What Impact Does a Litigation Funding Agreement Have on Standing in US Patent Infringement Litigation?

Attacking the propriety of a plaintiff’s standing to sue is a common defense strategy in US patent litigation. Indeed, the US Court of Appeals for the Federal Circuit has created a dense body of law regarding the necessary rights for plaintiffs to bring a lawsuit for patent infringement. However, the bulk of that case law was created in consideration of the relationship between patent owners and their exclusive or non-exclusive licensees or assignments between patent owners, rather than considering the question of how a litigation funding agreement may affect a patent owner’s standing to sue.

An August 13, 2019 decision from the US District Court for the District of New Jersey in WAG Acquisition, LLC v. Multi Media, LLC (No. 14-2340-ES-MAH, D.I. 190) (“Order”) took the question of a litigation funding agreement’s impact on standing head-on—and found that the plaintiff’s funding agreement with Woodsford did not impair its standing to sue.

In that case, plaintiff WAG Acquisition LLC (“WAG”), a US company owned by the inventors of the asserted patents and represented by Liston Abramson LLP, alleged that defendants were infringing by providing and hosting adult entertainment videos and related online social venues.

The defendants sought to dismiss WAG’s cases for lack of standing by alleging that WAG’s funding agreement with Woodsford deprived WAG of the rights necessary to sue independently for patent infringement — all of the defendants’ arguments against standing were solidly rejected by the district court.

Key Take-Aways:

A well-prepared litigation funding agreement does not give the funder any independent rights under the patent-sin-suit:
As both Judge Salas and Magistrate Judge Hammer noted, Woodsford’s funding agreement did not grant us “any independent rights under the patents at all.” Under no circumstances could we take action with regard to the litigation or the patents on its own, as the court’s further analysis highlighted—the funding agreement was only intended to give Woodsford the ability to protect its investment.

A funder’s first priority to any financial return does not impede plaintiff’s standing:
The court determined that Woodsford’s first priority to damages was consistent with its position as an investor in the litigation and did not transfer any substantial rights in the patents, especially because our share of any damages would be less than fifty percent.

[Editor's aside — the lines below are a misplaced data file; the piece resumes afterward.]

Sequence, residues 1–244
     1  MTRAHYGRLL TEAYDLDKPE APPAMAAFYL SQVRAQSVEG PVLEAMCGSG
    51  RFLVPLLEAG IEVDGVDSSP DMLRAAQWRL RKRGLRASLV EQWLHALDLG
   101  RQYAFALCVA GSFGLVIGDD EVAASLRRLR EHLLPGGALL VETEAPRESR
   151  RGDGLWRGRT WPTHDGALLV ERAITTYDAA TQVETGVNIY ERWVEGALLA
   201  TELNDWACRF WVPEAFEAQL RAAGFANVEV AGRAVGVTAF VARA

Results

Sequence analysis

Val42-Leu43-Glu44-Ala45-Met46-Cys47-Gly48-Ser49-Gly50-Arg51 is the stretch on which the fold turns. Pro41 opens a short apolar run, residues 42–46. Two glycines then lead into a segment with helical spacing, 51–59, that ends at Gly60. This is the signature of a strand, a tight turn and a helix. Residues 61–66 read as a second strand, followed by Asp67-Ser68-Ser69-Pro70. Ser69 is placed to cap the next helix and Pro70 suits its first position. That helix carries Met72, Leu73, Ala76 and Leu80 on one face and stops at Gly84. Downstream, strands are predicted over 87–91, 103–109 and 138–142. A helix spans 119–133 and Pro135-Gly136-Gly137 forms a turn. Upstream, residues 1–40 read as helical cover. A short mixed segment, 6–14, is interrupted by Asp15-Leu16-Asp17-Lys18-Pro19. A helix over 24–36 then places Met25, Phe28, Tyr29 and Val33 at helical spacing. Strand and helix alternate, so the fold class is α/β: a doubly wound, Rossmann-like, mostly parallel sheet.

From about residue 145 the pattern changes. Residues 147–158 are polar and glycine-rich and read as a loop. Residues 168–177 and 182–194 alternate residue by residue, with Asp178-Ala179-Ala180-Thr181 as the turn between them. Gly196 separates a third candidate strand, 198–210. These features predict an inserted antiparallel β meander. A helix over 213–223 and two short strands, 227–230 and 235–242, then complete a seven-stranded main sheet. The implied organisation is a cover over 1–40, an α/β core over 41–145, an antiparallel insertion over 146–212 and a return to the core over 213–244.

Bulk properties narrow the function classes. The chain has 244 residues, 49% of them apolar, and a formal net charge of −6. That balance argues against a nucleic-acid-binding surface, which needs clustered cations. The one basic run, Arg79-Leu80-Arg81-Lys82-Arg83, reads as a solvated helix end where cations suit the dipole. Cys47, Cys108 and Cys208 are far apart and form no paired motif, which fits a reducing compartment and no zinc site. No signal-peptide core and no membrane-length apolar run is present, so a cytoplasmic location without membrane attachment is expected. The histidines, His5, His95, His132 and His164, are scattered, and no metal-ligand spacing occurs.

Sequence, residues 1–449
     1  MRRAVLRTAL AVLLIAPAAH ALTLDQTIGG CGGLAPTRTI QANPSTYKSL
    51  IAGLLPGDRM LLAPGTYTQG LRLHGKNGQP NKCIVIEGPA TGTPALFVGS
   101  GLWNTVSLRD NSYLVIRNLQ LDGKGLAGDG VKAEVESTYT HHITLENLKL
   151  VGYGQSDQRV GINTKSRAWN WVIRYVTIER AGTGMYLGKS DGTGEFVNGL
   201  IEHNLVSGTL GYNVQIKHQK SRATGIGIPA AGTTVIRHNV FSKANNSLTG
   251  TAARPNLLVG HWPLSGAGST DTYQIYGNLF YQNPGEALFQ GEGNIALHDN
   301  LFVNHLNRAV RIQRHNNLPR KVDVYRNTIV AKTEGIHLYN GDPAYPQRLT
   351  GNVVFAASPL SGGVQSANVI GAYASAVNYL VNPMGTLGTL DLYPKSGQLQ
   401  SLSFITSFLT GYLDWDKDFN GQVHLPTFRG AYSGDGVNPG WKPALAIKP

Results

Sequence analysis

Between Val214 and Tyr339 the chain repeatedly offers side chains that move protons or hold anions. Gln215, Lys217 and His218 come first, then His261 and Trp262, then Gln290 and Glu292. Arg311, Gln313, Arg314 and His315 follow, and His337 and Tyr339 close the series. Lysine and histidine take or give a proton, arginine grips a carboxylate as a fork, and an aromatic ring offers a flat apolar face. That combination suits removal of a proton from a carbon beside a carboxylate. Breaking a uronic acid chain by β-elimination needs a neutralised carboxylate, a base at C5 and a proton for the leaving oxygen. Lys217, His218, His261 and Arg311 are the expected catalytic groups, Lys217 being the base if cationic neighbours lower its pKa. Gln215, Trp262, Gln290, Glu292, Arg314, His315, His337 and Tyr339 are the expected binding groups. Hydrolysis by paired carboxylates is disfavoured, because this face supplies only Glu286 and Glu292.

A litigation funding agreement should not give the funder a right to initiate litigation, practice, or license third parties under the patents:
Our funding agreement did not give us any right to initiate litigation either unilaterally or alongside the plaintiff, which showed that our interest did not vitiate the plaintiff’s standing to sue. Moreover, the court found that plaintiff continued to possess all substantial rights in the patents since it “retain[ed] legal title to the patents, and can practice under the patents, expand and strengthen them, license them, and sue third parties for infringement.”

A funder’s right of first refusal to fund subsequent litigations does not impact standing:
That a funder may have a contractual right to fund future litigation does not limit the plaintiff’s ability to bring future litigation, regardless of whether the funder elects to fund. Moreover, the court rejected the defendants’ unsupported speculation that the plaintiff’s financial ability to bring its own suit had any bearing on whether a right of first refusal for future funding could impact the standing analysis.

Requiring a funder’s consent to settlement or to assign, transfer, sell, or license the patents does not impair standing:
Our funding agreement with the plaintiff required our consent for settlement and, where plaintiff and Woodsford did not agree on settlement, a third party expert would make a binding decision. The court found that this arrangement did not disrupt standing as the plaintiff remained the only party with the right to initiate litigation and our limited rights prohibited us from forcing settlement. Likewise, that the plaintiff was restricted from assigning, transferring, selling, or licensing the patents without our consent, which could not be unreasonably withheld, was not found to significantly restrict the scope of plaintiff’s rights.

Giving a funder a security interest in the patents does not confer rights on the funder:
The court determined that our security interest in the patents was acceptable because it was a security interest protecting our investment, rather than an ownership right in the patent.

Granting a funder contingent rights to terminate funding is permissible:
Defendants argued that our contractual rights to terminate funding if certain circumstances were to occur, such as if counsel withdraws from representing the plaintiff, transferred exclusionary rights to Woodsford. The court disagreed, finding that such contingencies not to be exclusionary interests in a standing analysis.

Judge Salas’s opinion denying the defendants’ motion to dismiss due to plaintiff WAG Acquisition LLC’s alleged lack of standing carefully reviewed and declined to adopt many of the common attacks on standing related to litigation funding agreements. Her opinion provides a helpful roadmap for would-be plaintiffs seeking litigation funding on how to prepare a strong funding agreement. Patent owners considering financing for their litigation strategies should be sure to consult experienced patent litigation funders, such as Woodsford, to ensure they are prepared for any standing challenges in their own cases.

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